Even when people with HIV have equal access to care for the virus, whites have a higher rate of successful treatment compared with their Black counterparts.
Publishing their findings in AIDS Patient Care and STDs, researchers conducted a study of 8,779 Black individuals and 7,836 white individuals in the Veterans Administration (VA) health system who received antiretroviral treatment for HIV during 2013.
Compared with the whites in the study cohort, Blacks were younger, had lower CD4 counts, more health conditions in addition to HIV, a lower rate of staying in medical care for the virus and poorer adherence to treatment.
Fifteen percent of the African Americans and 8 percent of the whites had an uncontrolled viral load, meaning that, overall, Blacks were 2.02-fold more likely to lack a fully suppressed virus compared with whites.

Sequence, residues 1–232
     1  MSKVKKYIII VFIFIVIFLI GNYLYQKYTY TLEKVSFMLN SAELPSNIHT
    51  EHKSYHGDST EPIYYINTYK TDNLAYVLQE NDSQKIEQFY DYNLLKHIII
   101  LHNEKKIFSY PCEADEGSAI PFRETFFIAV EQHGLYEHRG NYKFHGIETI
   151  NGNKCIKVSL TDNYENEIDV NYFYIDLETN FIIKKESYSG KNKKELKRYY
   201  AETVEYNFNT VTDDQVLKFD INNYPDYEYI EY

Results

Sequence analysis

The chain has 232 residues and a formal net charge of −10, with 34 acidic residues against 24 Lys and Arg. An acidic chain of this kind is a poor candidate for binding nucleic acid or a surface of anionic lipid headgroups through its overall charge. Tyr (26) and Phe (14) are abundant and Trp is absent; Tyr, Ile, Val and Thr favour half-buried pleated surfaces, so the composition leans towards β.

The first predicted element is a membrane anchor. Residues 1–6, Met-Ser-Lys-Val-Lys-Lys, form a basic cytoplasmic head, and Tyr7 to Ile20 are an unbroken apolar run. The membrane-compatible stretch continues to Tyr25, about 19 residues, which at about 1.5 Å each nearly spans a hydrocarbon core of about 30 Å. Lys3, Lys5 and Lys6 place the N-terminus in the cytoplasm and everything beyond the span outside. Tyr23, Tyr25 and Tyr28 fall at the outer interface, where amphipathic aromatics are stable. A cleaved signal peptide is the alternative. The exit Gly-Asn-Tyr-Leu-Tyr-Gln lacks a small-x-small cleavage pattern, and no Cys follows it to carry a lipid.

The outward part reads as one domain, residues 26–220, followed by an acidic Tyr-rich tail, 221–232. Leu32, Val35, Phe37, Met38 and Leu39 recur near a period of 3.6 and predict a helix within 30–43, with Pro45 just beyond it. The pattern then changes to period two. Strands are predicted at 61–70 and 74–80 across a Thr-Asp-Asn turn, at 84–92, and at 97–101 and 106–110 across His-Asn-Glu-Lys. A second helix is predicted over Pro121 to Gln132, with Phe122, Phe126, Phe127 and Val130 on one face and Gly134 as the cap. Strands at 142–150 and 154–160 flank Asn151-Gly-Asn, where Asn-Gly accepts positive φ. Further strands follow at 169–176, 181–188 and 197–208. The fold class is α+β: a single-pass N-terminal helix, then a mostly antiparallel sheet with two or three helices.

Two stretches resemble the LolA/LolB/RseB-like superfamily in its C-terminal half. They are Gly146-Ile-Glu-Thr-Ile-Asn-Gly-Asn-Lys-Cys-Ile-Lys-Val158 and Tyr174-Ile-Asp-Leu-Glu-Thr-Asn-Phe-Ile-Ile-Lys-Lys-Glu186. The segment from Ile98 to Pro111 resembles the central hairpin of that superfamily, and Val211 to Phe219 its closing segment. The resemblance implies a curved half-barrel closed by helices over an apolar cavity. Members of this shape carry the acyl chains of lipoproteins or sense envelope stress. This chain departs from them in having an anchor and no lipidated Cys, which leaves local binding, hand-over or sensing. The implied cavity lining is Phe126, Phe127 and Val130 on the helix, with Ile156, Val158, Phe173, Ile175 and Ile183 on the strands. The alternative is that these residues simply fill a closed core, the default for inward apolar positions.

Next in their analysis, the researchers progressively controlled for various factors to see how doing so affected the disparity in the rate of lack of viral suppression among Blacks compared with whites. Controlling for the specific clinic site where individuals received their care reduced, or attenuated, the 2.02-fold difference to 1.83-fold. Controlling sequentially for age andvarious clinical characteristics of the study cohort members, retention in medical care and adherence to HIV treatment attenuated this difference to 1.65-fold, 1.62-fold and 1.24-fold, respectively.
The study authors concluded that 51 percent of the difference in the viral suppression rates between Blacks and whites was driven by differences in adherence to HIV treatment and 26 percent was driven by differences related to the specific sites where they received their medical care.
“Targeting poorer performing sites for quality improvement and focusing on improving antiretroviral adherence in Black patients may help alleviate disparities in viral control,” the investigators concluded.
To read a press release about the study, click here.
To read the study, click here.